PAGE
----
What If We Never Left Recession?

September 1, 2022 Updated: September 6, 2022

Commentary

There was some hope that the output revisions at month’s end would put to rest the recession debate. Instead, they only added more confusion because we still experienced two quarters of declining gross domestic product (GDP) as adjusted for inflation, which indicates recession.

Those inflation adjustments can be a real buzzkill.

“Real hourly compensation, which takes into account changes in consumer prices, decreased 4.4 percent in the second quarter of 2022, which followed a 4.4 percent decline in the first quarter,” the Bureau of Labor Statistics (BLS) stated on Sept. 1.

That’s a substantial rate of decline in a once-prosperous nation. There is very little hope of a turnaround anytime soon, no matter what inanities are pushed by the White House spokesperson.

Do these huge hits to real income sound like recovery? Not even close. Is it a recession? At this point, I’m really wondering whether the word has lost its meaning completely. It is, of course, not a technical term at all but—like many words in the economic lexicon—merely a metaphor. It’s an attempt to create a story around vastly complicated realities that are impossible to capture fully in any data.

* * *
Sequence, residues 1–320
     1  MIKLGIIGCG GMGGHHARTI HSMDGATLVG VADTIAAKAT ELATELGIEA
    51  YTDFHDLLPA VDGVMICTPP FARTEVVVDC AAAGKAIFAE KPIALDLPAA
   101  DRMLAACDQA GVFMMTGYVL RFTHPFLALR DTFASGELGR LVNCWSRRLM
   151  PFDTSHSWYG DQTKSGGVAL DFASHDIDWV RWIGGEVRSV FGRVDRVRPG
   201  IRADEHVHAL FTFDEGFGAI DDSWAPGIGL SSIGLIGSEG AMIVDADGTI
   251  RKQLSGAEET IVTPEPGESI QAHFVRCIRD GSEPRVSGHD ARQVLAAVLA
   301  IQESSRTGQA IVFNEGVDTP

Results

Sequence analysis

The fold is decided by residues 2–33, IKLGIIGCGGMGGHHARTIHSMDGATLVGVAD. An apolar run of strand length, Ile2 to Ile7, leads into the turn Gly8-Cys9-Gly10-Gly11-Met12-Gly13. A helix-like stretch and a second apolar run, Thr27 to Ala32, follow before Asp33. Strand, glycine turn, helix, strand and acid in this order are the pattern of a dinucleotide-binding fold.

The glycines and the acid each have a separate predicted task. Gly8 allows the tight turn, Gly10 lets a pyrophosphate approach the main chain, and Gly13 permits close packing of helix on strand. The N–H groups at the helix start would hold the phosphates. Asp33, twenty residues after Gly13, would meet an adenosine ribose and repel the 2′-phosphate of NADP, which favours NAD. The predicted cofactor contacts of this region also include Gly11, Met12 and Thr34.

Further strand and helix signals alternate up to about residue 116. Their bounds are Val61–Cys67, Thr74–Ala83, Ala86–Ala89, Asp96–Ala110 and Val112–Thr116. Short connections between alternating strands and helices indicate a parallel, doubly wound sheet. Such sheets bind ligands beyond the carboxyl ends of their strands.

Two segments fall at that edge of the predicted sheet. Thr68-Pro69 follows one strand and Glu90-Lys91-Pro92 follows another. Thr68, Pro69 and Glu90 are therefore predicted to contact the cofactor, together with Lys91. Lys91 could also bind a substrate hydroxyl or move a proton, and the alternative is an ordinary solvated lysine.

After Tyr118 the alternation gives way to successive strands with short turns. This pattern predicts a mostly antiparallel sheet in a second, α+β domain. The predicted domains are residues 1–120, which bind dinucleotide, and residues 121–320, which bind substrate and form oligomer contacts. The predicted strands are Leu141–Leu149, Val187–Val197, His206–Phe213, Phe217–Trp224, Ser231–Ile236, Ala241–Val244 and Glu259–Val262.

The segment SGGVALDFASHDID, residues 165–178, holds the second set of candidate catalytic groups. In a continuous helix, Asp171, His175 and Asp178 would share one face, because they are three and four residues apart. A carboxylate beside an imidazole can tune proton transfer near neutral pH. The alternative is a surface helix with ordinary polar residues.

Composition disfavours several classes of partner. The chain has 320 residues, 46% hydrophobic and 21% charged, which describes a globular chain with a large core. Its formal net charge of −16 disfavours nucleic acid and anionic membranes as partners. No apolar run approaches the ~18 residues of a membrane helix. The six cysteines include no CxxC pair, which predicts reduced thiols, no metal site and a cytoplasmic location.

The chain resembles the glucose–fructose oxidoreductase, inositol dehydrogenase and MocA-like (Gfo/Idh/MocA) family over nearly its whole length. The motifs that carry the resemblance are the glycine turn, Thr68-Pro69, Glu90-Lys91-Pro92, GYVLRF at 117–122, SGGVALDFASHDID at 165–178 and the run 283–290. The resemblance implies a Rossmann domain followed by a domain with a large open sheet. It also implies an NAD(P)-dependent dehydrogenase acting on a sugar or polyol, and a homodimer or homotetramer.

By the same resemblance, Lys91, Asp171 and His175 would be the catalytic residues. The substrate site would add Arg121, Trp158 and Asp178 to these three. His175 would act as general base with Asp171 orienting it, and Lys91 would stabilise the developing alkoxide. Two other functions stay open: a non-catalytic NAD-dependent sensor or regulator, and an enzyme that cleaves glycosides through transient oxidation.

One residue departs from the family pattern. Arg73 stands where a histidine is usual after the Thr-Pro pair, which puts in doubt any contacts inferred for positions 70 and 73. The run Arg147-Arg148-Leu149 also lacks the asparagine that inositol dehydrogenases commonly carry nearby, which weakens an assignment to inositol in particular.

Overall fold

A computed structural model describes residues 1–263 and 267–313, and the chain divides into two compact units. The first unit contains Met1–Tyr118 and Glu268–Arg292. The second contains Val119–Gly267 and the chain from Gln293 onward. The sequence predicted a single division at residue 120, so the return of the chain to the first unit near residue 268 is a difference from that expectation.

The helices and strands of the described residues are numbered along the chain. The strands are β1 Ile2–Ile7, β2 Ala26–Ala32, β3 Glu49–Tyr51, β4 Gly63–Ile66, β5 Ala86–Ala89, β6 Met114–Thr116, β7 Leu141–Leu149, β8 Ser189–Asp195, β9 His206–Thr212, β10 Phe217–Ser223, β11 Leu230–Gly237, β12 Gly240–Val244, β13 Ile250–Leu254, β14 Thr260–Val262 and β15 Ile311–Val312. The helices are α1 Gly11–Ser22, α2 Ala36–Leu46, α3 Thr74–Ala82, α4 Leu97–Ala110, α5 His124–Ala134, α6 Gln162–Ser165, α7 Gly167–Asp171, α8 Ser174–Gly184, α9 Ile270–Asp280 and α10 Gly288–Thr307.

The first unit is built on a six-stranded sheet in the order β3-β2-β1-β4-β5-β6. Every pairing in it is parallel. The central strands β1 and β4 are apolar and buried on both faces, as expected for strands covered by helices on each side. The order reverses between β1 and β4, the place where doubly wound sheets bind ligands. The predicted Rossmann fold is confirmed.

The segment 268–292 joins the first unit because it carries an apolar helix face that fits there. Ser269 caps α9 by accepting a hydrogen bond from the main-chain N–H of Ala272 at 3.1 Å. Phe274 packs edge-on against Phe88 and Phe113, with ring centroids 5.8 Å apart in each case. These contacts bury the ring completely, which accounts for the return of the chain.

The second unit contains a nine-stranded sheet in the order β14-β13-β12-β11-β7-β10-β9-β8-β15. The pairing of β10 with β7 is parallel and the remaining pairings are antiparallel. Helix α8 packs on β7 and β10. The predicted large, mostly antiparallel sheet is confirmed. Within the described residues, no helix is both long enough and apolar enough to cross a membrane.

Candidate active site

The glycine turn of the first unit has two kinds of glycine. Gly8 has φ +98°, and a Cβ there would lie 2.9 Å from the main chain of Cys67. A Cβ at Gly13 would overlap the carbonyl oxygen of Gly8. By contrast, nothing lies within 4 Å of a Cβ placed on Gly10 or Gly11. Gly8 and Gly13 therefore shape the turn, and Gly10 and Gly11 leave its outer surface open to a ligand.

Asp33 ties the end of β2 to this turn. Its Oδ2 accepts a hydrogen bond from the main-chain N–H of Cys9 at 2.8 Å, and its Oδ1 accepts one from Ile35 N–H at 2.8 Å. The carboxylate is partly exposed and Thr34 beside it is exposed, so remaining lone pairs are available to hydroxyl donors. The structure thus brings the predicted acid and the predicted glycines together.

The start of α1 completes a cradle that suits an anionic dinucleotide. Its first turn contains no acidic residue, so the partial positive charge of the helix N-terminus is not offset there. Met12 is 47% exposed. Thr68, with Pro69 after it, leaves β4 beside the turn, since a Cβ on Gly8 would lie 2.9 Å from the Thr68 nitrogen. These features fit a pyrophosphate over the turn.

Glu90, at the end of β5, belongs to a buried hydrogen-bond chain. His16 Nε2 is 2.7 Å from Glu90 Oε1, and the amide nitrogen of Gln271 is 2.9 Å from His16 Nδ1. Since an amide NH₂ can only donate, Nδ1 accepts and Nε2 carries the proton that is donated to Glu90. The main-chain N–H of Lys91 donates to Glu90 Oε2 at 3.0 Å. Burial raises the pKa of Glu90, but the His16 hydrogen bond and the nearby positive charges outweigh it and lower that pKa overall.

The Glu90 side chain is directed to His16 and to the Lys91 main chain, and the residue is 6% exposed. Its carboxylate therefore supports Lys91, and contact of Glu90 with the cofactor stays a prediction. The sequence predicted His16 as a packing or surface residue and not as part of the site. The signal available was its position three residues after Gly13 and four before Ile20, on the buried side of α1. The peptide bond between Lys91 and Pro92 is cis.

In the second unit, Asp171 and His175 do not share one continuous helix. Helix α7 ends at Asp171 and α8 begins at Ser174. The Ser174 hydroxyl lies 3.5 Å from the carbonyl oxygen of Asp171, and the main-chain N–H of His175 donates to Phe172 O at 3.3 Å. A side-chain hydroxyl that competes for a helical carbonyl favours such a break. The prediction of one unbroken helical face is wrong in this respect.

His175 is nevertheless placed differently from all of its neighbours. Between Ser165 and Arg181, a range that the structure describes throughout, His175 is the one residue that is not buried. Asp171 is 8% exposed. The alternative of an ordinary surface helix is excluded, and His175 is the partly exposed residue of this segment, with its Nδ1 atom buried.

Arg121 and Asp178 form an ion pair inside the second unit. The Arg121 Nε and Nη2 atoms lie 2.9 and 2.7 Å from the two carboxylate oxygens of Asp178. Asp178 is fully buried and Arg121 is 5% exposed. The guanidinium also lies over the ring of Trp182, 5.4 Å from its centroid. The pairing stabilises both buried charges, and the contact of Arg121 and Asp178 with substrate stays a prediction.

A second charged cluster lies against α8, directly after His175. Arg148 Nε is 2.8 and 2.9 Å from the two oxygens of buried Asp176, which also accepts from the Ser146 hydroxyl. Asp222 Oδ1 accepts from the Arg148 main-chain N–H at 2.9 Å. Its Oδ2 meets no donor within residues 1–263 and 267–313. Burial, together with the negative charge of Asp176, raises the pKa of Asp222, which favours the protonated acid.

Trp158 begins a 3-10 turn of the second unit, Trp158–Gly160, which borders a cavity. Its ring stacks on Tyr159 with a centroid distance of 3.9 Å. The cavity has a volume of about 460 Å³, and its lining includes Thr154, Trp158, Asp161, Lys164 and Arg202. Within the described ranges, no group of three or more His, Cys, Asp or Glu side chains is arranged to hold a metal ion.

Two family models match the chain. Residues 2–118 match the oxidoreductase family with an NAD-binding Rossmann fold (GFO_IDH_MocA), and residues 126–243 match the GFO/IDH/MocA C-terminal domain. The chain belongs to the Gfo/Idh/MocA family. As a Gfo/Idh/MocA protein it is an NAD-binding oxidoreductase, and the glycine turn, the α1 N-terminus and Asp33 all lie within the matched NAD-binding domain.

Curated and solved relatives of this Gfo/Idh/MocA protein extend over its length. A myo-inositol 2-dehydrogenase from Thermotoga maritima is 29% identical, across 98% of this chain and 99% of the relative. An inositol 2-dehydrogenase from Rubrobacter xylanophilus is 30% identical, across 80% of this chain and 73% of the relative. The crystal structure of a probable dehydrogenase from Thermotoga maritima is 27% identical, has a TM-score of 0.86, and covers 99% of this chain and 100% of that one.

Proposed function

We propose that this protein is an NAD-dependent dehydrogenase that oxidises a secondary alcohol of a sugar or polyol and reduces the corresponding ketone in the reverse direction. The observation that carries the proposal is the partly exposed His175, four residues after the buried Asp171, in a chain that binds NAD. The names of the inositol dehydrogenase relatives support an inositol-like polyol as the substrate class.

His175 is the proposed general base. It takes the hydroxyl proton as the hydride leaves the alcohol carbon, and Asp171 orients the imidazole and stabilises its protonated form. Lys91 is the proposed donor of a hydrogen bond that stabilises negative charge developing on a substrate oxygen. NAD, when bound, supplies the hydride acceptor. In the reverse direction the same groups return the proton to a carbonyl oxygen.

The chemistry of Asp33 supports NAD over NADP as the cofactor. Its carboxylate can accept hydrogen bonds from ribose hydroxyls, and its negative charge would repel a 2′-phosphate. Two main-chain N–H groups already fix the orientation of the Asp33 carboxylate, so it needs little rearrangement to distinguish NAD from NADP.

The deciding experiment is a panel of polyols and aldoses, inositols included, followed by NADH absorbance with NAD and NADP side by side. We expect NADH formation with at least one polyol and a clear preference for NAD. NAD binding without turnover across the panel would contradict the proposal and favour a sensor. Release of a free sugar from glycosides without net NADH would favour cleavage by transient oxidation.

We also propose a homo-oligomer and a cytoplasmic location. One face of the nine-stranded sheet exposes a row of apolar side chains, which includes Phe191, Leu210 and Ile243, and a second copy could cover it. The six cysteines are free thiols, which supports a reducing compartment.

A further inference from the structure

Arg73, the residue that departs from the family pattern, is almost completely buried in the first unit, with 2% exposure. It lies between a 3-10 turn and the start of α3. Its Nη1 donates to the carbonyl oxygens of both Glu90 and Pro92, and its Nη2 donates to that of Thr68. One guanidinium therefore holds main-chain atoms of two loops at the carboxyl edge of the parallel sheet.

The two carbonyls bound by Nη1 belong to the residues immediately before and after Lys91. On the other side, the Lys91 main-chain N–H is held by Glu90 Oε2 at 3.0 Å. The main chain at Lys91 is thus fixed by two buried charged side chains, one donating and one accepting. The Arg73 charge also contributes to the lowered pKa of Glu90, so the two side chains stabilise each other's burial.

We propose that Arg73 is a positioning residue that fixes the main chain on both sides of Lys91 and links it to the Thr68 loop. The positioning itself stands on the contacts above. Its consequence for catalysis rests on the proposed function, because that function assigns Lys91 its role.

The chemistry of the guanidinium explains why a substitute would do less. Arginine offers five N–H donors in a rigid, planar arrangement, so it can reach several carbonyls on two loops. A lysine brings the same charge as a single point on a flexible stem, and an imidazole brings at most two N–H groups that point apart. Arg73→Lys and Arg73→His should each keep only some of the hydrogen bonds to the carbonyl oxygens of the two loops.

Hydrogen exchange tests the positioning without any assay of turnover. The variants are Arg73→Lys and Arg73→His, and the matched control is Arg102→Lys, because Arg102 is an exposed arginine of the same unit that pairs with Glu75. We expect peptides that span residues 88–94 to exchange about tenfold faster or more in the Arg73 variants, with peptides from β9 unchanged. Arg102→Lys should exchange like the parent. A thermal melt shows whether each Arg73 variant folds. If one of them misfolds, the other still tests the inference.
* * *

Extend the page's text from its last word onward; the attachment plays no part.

Behind these terms is the idea that productivity comes in cycles of booms and busts. The task becomes to map them and chart a policy course to deal with them in hopes of creating a sustainable growth path.

But what if we aren’t really observing a cycle? What if we are living through a long shock in which our economic lives have been fundamentally upended? What if it will be many years before anything that we knew as prosperity returns—if it ever does?

A good example is that category called labor productivity, which one obtains by dividing hours worked overall by real output. The results are truly shocking: the worst declines we’ve seen since the end of World War II. Maybe it’s just an anomaly, but there sure are a lot of those going on out there. It could also be accounted for in one dramatic shift from enterprising to apathetic.

Another example is the housing crisis that has been brewing for the better part of a year. When rates were low, and people were moving all over the country, developers got busy building, and prices responded. It was the go-go times only a year ago. Then, demand shifted even as prices were still soaring. Sorting through what part of the price was noise versus signal became a great challenge.